When Sofia Kovalevskaya (1850-1891) was 11 years old the walls of her room were for some reason papered with lecture notes on differential and integral calculus. These walls came to nurture an interest in maths that she had held from an early age and she soon embarked on a more formal study with her tutor. Her father eventually tried to put a stop to this, causing her to take her passion underground and secretly peruse algebra books in bed at night.
Her unusual abilities soon attracted the attention of others, however, and after several years her father finally permitted her to take her studies further. But not without a huge sacrifice: since higher education involved moving abroad and women were not supposed to live alone in those days, she was forced to enter a loveless marriage that was to cause her an immense amount of grief in the future.
Eventually Kovalevskaya managed to travel to Heidelberg in Germany, where she met the eminent mathematician Karl Weierstrass and proved her remarkable abilities with several papers on a range of subject including the rings of Saturn. The most impressive of her papers dealt with differential equations. In 1874 she received a glowing doctorate from the University of Göttingen. But despite her successes and the fervent support of Weierstrass, her gender prevented her from obtaining an academic position. The best job offer she received was teaching arithmetic at elementary school, causing her to remark that, unfortunately, she was very weak at multiplication tables. Embittered, she withdrew from maths for a period of six years.
It was the tragic suicide of Kovalevskaya's husband that jolted her back into action in 1883. She finally managed to obtain a position at the University of Stockholm and her career began to thrive. She became the third female professor at a European university, took an active part in academic life and gained recognition from society. In 1886 she won the Prix Bordin of the French Academy of Sciences. Her entry on rigid bodies was so good that the prize money was raised from 3,000 to 5,000 Francs. More prizes and honours followed. Unfortunately, Kovalevskaya died of pneumonia in 1891 at the height of her career and at only 41 years of age.
In Emmy Noether's (1882-1935) time opportunities for women had become slightly more favourable. Universities in Germany allowed women to sit in on lectures as long as the professor gave his consent. Noether's father was an eminent professor of mathematics at Erlangen; she was asking permission to attend lectures from family friends and they agreed. In 1904 a relaxation in the rules forbidding women to be awarded degrees meant that Noether was allowed to matriculate at Erlangen. She went on to complete a virtuoso doctorate in 1907. With typical earthy frankness she later went on to describe her thesis as "crap". Women were not allowed to fill academic posts, so Noether spent the next eight years working for the university without pay or position and helping her increasingly frail father with his teaching responsibilities.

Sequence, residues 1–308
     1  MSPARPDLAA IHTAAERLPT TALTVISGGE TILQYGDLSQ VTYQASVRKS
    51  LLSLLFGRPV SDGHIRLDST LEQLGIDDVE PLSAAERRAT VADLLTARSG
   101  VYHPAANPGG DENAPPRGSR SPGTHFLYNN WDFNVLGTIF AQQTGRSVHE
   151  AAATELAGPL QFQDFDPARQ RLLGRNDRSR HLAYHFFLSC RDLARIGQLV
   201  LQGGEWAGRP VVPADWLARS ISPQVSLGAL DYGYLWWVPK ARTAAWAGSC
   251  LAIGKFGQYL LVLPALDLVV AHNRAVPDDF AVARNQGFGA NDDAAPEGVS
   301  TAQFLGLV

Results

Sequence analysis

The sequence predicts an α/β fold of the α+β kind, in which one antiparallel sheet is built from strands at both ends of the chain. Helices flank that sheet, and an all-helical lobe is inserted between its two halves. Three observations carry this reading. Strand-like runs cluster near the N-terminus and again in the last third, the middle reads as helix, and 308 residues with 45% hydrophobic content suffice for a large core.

During a stay in Göttingen in 1903, Noether had met mathematical giants including David Hilbert and Felix Klein. After her doctorate Hilbert and Klein persuaded Noether to come to Göttingen and then embarked on a long campaign to have her appointed to a faculty position in spite of the Prussian law passed in 1908 which prohibited this. Noether was refused a university position but permitted a compromise — she could lecture but only if the lecture was listed under Hilbert's name rather than her own.
Albert Einstein wrote to Felix Klein in 1918, "On receiving the new work from Fräulein Noether, I again find it a great injustice that she cannot lecture officially". Finally, in 1919, Noether was granted the lowest faculty rank of Privatdozent and, although still unpaid, began teaching that autumn.
In 1922 Noether was appointed to the position of "unofficial, extraordinary professor", in effect, a volunteer professor without pay or official status, and she was later granted a tiny salary which was barely at subsistence level. Noether published what is generally known as her most important paper, Theory of ideals in rings, in 1921 which was of fundamental importance in the development of modern algebra. From a physicist's perspective her most important accomplishment came to be known as "Noether's Theorem", which proves a relationship between symmetries in physics and conservation principles.
German mathematics, like much else, became highly politicised in the 1930s. Noether was one of the first six professors fired from Göttingen by the Nazis because she was both Jewish and politically liberal. Noether eventually found temporary positions at universities in the USA. Sadly, Noether died in exile of ovarian cancer. She was in her early fifties at the height of her creativity and powers.